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Weapons of Mass Destruction (WMD)

French Nuclear Weapons

NameTypeYield#Dates Vector

Inactive Weapons

AN 11 Fission60 Kt401964-
Mirage IV-A
AN 21 Fission Kt ??1965-
Mirage IV-A
AN 22 Fission70 Kt401967-
Mirage IV-A
MR 31 Fission130 Kt18 1971-
S 2 missile on the Plateau d’Albion
MR 41.1 Fission500 Kt48 1971-
M 1 and M 2 on SNLE
MR 41.2 Fission Kt.. 1973-
M 1 and M 2 on SNLE
AN 52 Fission25 Kt80 1972-
  • Mirage III-E,
  • Jaguar and
  • Super-Étendard
  • AN 51 Fission10/25 Kt70 1974-
    mobile Pluton missile
    TN 60 Thermonuclear1 Mt.. 1976-
    M 20 missile on SNLE
    TN 61 Thermonuclear1 Mt82 1980-
  • M 20 (on SNLE)
  • S 3 missiles (Plateau d’Albion)
  • TN 70 Thermonuclear150 kt96 1985-
    M 4 missile on SNLE
    TN 71 Thermonuclear150 kt288 1987-
    M 4 missile on SNLE
    TN 80 Thermonuclear300 kt18 1986-
    ASMP missile Mirage IV-P
    TN 81 Thermonuclear300 kt60 1988-
    ASMP missile on
  • Mirage IV-P,
  • Mirage 2000-N
  • Super-Étendard
  • TN 90 Thermonuclear80 kt30 1992-
    Hades missile

    Operational Weapons

    TN 75 Thermonuclear100 kt288 Since
    M 45 missile on new-generation SSBN (SNLE-NG)
    TNA Thermonuclear300 kt47 Since
    ASMP-A missile on
  • Mirage 2000-N
  • Rafale
  • NWT Thermonuclear100 kt .. Since
    M 51 missile on new-generation SNLE (SNLE-NG)
    AN (aéroportée nucléaire)
    TN (Tête nucléaire)
    TNA (Tête nucléaire aéroportée)
    TNO (Têtes Nucléaires Océaniques)

    "We must take advantage of the respite offered by the current strategic situation to rethink our nuclear posture. The choice of our means must be based on the principles of sufficiency and credibility which have, moreover, always been ours ."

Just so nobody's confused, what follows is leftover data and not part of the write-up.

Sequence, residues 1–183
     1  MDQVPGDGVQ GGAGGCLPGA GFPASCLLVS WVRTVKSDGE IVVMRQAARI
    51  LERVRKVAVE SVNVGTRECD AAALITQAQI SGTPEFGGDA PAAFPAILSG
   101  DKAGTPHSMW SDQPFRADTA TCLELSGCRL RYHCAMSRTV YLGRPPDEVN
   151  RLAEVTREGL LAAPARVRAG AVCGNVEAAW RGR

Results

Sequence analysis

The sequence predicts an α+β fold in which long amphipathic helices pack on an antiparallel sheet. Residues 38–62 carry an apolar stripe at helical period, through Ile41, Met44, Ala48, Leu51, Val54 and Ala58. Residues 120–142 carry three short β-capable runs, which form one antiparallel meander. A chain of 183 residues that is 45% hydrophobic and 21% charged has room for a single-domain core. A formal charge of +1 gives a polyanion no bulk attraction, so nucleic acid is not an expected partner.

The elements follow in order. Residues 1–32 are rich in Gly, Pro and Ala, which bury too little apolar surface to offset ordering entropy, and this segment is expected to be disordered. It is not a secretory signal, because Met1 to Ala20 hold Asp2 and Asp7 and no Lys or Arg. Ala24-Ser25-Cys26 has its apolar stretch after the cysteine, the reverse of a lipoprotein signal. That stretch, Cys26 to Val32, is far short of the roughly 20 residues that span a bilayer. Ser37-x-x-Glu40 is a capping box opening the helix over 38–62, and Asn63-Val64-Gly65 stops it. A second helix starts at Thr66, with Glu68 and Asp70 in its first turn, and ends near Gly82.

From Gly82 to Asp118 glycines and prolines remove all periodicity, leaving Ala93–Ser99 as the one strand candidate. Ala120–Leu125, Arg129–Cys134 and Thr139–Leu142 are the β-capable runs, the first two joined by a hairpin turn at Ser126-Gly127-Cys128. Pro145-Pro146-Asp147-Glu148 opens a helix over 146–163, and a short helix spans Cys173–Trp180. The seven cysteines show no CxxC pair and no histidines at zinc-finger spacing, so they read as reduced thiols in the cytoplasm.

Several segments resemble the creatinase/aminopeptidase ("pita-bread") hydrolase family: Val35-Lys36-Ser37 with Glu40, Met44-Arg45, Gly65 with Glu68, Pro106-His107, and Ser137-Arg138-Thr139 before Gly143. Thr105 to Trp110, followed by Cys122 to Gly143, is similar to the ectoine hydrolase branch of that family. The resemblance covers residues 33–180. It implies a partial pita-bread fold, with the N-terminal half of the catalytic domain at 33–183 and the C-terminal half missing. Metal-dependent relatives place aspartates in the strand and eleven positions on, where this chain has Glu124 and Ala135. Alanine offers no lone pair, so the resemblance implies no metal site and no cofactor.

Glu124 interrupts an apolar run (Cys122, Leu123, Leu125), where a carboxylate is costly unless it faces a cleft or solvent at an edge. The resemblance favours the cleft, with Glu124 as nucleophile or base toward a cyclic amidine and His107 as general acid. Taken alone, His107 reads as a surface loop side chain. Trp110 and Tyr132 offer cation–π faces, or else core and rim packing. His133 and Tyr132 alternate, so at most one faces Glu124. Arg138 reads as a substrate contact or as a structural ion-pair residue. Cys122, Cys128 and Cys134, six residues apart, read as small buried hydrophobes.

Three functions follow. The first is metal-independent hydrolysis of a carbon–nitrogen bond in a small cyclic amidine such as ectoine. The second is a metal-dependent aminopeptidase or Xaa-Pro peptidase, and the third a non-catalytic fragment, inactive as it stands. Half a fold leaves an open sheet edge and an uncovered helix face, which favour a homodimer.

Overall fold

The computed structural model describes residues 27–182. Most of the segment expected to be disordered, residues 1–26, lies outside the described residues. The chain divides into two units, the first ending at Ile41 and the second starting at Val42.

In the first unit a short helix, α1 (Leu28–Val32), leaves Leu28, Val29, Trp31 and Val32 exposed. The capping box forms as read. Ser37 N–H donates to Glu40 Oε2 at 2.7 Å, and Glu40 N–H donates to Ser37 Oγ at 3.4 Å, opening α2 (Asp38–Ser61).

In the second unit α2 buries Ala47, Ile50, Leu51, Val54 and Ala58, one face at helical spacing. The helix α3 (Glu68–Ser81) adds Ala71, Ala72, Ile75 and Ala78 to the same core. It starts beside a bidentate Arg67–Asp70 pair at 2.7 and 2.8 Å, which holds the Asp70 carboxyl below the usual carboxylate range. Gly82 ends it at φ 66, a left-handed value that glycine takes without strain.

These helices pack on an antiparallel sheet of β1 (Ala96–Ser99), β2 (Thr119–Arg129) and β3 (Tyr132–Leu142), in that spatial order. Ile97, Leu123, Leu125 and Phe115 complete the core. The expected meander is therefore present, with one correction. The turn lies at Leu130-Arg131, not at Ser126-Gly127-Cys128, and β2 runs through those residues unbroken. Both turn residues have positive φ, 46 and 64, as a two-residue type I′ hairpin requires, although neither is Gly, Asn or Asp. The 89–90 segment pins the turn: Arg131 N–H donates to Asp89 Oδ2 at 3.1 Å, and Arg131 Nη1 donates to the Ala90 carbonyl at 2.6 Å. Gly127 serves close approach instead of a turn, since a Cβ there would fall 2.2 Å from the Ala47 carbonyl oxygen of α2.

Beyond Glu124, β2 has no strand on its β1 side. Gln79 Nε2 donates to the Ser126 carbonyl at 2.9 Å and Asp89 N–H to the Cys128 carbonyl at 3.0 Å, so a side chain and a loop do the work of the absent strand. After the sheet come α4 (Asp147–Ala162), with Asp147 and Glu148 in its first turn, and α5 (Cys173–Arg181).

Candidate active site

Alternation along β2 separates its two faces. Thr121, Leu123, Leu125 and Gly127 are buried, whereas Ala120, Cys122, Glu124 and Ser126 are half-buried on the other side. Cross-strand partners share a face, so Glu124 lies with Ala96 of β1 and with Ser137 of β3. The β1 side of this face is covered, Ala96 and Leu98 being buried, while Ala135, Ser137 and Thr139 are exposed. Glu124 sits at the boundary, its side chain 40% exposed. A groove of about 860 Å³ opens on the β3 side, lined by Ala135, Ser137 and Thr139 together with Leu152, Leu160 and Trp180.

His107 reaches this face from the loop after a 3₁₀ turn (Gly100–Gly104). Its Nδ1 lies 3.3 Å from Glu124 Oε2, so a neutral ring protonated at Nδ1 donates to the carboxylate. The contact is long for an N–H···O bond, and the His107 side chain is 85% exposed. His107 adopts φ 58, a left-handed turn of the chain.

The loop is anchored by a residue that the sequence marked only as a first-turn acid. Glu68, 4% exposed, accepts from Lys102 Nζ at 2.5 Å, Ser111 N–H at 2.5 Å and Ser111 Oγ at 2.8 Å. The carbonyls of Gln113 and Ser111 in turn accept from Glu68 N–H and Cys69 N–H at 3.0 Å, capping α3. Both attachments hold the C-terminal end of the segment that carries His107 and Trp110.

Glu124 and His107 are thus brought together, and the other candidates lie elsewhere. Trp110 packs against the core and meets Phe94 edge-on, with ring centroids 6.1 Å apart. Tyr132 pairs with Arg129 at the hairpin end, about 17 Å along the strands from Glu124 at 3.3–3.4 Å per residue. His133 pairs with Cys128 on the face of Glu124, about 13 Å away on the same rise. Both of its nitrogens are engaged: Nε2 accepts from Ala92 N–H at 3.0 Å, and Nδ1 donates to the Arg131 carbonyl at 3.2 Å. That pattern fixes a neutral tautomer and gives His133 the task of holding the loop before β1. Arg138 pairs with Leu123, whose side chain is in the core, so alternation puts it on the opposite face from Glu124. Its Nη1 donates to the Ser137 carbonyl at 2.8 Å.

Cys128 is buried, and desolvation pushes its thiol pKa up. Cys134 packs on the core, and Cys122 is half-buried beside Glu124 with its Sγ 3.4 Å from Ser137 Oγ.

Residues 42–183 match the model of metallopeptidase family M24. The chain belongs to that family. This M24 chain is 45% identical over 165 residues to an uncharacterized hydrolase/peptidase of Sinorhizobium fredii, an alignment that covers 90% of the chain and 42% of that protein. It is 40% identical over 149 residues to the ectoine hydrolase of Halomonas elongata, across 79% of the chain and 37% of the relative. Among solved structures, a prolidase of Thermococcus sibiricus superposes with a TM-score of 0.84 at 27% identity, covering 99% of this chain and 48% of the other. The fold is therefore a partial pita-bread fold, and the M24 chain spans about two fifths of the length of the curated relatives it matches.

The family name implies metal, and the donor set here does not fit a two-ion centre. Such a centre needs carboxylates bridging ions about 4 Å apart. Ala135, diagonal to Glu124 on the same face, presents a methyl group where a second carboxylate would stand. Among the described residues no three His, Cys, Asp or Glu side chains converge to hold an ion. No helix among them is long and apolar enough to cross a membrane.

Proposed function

Jacques Chirac, President of the Republic
    at the Ecole militaire, Paris, 23 February 1996

    As of 2014, the Arms Control Association reported that France was estimated to have about 300 nuclear warheads, most of which were designed for delivery by submarine launched ballistic missiles (SLBM). The other warheads would outfit the Air-Sol Moyenne Portée (ASMP) missiles carried by Mirage 2000N, Super Étendard, and Rafale planes. The two squadrons of the FAS (which had three until 2008) were to see their latest Mirage 2000N replaced in 2018 by Rafale. Previous estimates had suggested a stockpile of about 350 weapons.

    In February 2015 Francois Hollande called for other countries to follow the example of France by stopping the production of fissile materials and nuclear tests, which have been replaced by simulation tools. Hollande also unveiled the make-up of France’s nuclear arsenal in a “transparency” drive by saying that the country had “less than 300” nuclear warheads, three sets of 16 submarine-launched ballistic missiles, and 54 medium-range air-to-surface missiles.

    The French branch of the International Campaign to Abolish Nuclear Weapons (ICAN) condemned the remarks, saying the speech was far from making the world a safer place. ICAN France denounced “the hardening of the French nuclear deterrent doctrine. ... This speech, instead of going in the direction of easing international tensions, contributes to creating the conditions for a less secure world,” it said in a statement.

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